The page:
If you’re using Git and need to compare two recent versions of the same file, I can confirm that this
git diff command works:
git diff HEAD^ HEAD nodeBlog.scala.html
That command compares the second-most recent version of the file (given by
HEAD^) to the most recent version of the file (
HEAD). In this example I want to see the detailed differences of these versions of the file named nodeBlog.scala.html. In my case, the result of this command is shown in the image.
Per the excellent book Pro Git, “
HEAD^” means, “The parent of
As shown on this SO page, there are other ways to issue this Git command, and similar commands.
Update ('git log' and then 'git diff')
I did the same thing again today, but with some different Git commands. First, I created a short/concise list of all changes to a file using this
git log command:
$ git log --pretty=oneline --abbrev-commit divKofiPatreon.scala.html 6f343d4 Changed the Ko-Fi text (Tip Your Barista?) and color to see if it makes a difference. f73f744 Took the Kofi ad out of the upper-LHS. Also added the RSS icon back to the header. eb7c0ce moved the text that i put under the Kofi icon into the properties file so i can test things more easily on the server. 3091aaf Got rid of the Patreon logo. Only using KoFi for now. Also changed the KoFi text. 755b10c Changed the text under the Kofi ad.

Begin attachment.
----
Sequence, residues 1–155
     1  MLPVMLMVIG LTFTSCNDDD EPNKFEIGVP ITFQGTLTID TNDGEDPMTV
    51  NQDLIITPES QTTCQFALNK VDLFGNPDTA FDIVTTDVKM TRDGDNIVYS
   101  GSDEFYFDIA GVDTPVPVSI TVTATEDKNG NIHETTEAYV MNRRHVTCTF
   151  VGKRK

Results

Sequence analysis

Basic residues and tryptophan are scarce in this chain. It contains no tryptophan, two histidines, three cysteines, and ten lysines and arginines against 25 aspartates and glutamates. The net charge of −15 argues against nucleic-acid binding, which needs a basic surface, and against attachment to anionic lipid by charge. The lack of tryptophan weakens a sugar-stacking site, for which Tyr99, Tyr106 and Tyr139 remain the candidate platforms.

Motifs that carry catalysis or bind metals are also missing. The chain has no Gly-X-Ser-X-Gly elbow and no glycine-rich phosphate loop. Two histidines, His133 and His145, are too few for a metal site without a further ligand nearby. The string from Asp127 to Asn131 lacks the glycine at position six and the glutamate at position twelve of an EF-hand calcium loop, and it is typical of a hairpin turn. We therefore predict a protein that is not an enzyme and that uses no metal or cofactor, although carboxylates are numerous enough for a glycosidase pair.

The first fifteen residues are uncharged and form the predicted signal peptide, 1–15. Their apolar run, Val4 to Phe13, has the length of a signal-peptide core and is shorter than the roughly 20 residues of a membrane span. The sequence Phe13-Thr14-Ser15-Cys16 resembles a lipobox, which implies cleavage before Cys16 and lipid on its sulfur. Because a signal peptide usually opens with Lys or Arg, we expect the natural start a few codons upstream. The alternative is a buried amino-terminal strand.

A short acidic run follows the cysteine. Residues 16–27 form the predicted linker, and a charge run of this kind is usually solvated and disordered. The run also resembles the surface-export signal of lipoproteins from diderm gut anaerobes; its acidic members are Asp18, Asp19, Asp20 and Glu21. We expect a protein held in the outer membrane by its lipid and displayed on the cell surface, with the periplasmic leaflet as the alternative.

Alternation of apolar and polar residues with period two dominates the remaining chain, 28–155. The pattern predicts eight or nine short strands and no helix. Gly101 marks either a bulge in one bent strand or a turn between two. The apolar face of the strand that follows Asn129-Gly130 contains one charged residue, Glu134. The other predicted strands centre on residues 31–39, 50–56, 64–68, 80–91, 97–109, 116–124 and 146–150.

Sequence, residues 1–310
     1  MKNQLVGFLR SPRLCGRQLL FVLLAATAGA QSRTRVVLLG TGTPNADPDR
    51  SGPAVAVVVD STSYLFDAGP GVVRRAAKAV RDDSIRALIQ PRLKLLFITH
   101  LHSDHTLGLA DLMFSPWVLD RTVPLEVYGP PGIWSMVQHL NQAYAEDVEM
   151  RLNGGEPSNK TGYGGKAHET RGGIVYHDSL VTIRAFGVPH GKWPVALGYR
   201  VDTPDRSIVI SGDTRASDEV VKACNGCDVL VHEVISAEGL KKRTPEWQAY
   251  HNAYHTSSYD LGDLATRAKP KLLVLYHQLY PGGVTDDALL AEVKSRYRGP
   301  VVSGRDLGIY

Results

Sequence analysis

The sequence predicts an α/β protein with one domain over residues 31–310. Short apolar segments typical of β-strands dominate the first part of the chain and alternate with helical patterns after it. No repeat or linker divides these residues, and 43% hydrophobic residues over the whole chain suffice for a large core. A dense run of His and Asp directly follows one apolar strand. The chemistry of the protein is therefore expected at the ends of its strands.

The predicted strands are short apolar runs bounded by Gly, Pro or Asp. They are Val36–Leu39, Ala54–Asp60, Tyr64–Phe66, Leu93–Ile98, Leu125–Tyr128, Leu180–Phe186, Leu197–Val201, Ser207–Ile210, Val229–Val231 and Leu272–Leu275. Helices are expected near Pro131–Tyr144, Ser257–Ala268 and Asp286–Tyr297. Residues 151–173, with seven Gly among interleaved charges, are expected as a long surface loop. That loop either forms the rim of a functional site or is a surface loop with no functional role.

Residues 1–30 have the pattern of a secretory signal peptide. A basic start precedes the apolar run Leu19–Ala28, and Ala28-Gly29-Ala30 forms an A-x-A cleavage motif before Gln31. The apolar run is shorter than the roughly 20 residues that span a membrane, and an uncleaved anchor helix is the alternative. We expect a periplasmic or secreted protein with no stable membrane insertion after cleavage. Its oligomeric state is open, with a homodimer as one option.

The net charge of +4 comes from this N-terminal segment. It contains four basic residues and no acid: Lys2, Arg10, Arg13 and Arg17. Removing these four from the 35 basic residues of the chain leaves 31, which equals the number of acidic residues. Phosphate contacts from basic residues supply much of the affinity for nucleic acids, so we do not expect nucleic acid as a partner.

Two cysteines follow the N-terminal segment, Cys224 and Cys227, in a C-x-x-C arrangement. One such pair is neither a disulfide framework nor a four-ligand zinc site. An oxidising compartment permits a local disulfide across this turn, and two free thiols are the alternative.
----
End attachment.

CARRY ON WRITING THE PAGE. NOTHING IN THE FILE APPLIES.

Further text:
Once I saw the commit (f73f744) that I wanted to compare the current version of the file (HEAD) to, I ran this command:
$ git diff HEAD f73f744 divKofiPatreon.scala.html
That showed all of the differences between the two versions of the file, with this difference being the important change I was looking for:
So again, if you need to see how to compare two versions of a file with Git, I hope these examples are helpful.